PULPIT: Former Grace Church priest enters Catholic world by Mark Barna with the Gazette
He praises the Catholic Church for its dedication to helping the needy, and barely follows the ongoing theological scuffles between the Anglican Communion and the Episcopal Church, the U.S. arm of Anglicanism. He’s also a conservative in the liberal-leaning denomination.
Yet O’Donnell will remain Episcopalian, despite Pope Benedict XVI’s invitation to Episcopal priests to join the Catholic body.
And in perhaps the ultimate paradox, his love for the Episcopal Church derives from its openness to theological diversity, even though that diversity may have indirectly resulted in his resignation at Grace and St. Stephen’s Episcopal Church downtown.
“I don’t like living in paradox,” O’Donnell told me over lunch. “But I’ve been forced to live in paradox. Paradox is my friend.”
O’Donnell was the leader of the Grace and St. Stephen’s Episcopal parish during a difficult time.
In March 2007, the Grace Church parish on North Tejon Street split presumably on theological grounds. Soon after, the factions were embroiled in a bitter church property dispute. The Anglican parish led by Rev. Donald Armstrong took possession of the church, while the Episcopal parish was exiled.
O’Donnell, who was an assistant priest under Armstrong, was tapped in October 2007 by the Colorado Episcopal bishop to lead the exiled parish.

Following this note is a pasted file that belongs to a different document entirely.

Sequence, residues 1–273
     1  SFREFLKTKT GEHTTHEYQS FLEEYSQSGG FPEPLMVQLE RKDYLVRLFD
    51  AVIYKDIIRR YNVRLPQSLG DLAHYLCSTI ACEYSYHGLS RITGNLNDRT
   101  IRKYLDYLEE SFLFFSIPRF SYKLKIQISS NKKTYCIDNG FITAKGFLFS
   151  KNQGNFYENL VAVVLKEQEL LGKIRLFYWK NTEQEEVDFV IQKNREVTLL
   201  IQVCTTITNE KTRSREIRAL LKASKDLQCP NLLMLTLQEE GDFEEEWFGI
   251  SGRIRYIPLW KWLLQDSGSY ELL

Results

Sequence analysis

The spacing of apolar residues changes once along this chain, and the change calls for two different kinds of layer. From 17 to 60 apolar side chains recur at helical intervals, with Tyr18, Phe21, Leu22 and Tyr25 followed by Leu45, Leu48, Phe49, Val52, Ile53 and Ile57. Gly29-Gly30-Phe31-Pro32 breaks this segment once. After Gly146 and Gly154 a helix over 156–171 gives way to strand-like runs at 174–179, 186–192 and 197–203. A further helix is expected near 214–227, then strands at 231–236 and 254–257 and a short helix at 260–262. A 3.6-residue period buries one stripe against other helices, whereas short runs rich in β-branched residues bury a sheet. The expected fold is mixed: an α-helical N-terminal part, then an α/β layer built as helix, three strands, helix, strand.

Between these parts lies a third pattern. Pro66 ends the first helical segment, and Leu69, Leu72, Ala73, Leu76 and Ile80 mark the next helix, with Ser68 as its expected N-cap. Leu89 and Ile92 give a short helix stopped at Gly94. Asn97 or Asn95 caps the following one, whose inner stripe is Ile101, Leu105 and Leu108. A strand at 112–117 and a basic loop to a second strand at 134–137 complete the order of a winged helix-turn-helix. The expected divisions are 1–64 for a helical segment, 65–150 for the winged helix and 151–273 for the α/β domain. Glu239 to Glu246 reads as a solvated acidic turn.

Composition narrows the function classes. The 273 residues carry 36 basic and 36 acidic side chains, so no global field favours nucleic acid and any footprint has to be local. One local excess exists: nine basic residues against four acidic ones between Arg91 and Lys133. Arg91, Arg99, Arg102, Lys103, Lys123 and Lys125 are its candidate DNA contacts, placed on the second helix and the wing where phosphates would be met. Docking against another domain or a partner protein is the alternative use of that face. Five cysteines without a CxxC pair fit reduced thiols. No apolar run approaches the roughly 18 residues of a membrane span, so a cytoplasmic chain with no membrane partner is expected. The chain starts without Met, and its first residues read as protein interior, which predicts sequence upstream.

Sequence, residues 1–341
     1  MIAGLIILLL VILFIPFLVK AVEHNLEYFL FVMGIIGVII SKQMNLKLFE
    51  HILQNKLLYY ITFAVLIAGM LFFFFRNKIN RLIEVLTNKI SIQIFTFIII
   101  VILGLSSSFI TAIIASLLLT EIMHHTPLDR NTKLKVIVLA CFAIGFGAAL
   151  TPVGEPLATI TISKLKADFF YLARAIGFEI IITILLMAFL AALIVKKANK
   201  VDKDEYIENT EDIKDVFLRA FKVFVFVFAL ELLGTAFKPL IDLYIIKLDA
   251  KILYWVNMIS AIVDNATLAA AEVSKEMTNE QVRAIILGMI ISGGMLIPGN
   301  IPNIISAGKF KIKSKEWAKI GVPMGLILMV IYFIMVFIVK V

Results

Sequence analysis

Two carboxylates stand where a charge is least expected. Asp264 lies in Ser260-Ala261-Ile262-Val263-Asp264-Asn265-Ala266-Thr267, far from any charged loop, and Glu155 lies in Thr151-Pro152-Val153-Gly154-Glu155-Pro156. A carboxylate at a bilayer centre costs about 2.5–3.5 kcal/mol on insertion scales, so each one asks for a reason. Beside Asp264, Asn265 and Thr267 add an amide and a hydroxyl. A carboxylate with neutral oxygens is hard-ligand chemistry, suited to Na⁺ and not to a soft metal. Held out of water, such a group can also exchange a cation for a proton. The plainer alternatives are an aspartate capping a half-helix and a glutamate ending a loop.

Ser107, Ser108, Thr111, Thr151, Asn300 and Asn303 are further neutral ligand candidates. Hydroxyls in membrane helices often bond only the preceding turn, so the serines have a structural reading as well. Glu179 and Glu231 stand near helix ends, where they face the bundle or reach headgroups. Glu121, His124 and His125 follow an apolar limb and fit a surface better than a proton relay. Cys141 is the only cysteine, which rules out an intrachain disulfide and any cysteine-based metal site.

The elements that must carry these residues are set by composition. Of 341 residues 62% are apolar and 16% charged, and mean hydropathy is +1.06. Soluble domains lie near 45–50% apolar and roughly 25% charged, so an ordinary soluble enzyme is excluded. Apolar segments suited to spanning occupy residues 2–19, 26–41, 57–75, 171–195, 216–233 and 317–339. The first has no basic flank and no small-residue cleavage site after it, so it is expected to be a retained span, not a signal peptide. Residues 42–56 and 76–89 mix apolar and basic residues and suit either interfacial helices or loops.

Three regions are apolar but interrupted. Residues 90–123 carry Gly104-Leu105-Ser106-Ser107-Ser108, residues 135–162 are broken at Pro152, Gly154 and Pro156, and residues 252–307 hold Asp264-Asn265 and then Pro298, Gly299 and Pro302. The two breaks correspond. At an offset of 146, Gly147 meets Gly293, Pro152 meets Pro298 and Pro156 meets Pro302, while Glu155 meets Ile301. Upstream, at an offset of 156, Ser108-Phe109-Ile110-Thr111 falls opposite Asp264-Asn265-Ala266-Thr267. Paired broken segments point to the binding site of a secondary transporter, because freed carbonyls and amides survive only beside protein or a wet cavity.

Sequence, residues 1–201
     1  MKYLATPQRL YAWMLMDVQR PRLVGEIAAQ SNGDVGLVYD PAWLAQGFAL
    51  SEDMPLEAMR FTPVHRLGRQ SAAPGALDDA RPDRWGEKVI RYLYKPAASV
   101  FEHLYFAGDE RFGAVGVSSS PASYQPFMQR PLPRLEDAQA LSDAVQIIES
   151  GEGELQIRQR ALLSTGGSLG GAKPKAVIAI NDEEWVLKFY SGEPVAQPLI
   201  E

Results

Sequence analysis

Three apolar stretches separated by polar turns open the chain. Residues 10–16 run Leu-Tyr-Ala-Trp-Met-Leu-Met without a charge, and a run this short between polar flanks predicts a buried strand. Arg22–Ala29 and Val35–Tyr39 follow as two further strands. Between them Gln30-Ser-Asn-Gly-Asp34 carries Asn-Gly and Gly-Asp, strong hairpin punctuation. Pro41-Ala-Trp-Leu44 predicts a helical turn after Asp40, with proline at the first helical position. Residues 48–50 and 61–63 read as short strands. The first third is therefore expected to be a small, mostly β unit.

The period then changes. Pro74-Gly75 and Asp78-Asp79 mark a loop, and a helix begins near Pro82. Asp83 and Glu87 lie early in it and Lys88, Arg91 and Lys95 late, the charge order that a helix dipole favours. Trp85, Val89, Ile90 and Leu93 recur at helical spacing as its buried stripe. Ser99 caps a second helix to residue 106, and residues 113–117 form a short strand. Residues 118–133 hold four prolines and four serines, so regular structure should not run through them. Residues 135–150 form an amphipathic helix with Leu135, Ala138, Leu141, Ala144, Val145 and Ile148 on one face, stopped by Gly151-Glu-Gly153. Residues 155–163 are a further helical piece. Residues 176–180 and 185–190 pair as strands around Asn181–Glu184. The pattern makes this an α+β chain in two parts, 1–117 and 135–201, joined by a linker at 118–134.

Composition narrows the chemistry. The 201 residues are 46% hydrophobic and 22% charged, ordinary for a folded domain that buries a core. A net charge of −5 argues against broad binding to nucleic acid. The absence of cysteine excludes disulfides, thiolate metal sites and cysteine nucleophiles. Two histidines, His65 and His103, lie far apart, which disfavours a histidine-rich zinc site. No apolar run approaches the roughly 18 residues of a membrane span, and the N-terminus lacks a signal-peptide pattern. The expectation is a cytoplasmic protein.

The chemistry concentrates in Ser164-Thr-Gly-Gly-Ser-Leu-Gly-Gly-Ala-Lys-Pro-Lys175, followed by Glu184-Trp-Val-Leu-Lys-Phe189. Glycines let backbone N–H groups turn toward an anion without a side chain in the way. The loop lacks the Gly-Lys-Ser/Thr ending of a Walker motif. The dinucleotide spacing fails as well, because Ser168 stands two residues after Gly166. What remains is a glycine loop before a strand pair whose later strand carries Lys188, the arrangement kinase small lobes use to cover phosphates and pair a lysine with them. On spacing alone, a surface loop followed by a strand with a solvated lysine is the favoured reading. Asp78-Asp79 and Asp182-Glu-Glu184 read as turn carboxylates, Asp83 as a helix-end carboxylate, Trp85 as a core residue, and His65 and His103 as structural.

“In this period of turmoil, he was the calming influence that we needed,” said David Watts,junior warden of the Grace and St. Stephen’s Episcopal.
A Fourth Judicial District court judge ruled in March 2009 that Grace Church belonged to the Episcopal parish. But O’Donnell wasn’t around to enjoy the victory. He had resigned his leadership role months earlier because, he said at the time, he was tired of the in-fighting over the property.
During the 5 1/2-week property trial, O’Donnell made a career change by becoming Catholic Charities’ vice president of fundraising and its chief development officer of social media and other institutional advancement strategies.
The Colorado Episcopal bishop approved O’Donnell’s move, and Catholic Charities agreed to pay O’Donnell’s Episcopal priest pension assessments.
Through his work at Catholic Charities, which runs a soup kitchen downtown that serves 600 to 900 people a day, O’Donnell has been impressed by the Catholic sensibility.
“They are serious about demonstrating the love of Christ in tangible ways,” he said. “That is so Catholic.”
He’s also grown spiritually, he said. During his four years at Grace, he believed Christ’s presence could only be felt in church, he said. But through his experiences at Catholic Charities’ soup kitchen, he came to realize that God is everywhere.
“I am in the middle of the poor, and Jesus is there,” O’Donnell said, choking up.
To read more of my interview with O’Donnell, go to my blog, “The Pulpit,” at www.thepulpit.freedomblogging.com.